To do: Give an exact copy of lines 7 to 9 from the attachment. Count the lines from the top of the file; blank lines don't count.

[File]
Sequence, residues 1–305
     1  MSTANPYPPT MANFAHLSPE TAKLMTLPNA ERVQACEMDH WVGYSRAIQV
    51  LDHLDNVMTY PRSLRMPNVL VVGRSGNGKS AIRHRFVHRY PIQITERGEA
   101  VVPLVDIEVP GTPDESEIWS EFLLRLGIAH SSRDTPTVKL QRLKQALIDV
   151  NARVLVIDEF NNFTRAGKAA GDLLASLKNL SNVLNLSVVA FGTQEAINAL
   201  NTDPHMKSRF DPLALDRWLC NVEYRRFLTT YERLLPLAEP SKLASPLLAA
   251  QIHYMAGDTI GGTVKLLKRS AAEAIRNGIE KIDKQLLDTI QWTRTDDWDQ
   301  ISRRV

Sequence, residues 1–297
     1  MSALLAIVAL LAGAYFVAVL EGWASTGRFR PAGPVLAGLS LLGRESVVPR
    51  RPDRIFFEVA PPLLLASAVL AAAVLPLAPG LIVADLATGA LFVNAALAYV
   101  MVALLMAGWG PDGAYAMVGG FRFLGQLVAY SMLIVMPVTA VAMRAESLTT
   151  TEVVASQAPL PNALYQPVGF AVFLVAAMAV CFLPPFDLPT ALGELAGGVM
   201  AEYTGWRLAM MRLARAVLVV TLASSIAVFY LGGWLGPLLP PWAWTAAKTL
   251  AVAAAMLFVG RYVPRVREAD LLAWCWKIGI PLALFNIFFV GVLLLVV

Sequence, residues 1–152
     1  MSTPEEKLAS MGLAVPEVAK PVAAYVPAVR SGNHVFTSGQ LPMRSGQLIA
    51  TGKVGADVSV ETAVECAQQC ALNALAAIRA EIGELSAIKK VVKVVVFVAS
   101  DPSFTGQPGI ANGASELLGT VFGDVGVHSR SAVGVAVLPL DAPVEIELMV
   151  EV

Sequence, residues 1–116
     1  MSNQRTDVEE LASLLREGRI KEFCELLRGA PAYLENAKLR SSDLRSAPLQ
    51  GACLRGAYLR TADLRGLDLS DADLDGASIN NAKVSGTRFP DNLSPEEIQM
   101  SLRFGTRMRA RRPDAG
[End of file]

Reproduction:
   251  QIHYMAGDTI GGTVKLLKRS AAEAIRNGIE KIDKQLLDTI QWTRTDDWDQ
   301  ISRRV

Sequence, residues 1–297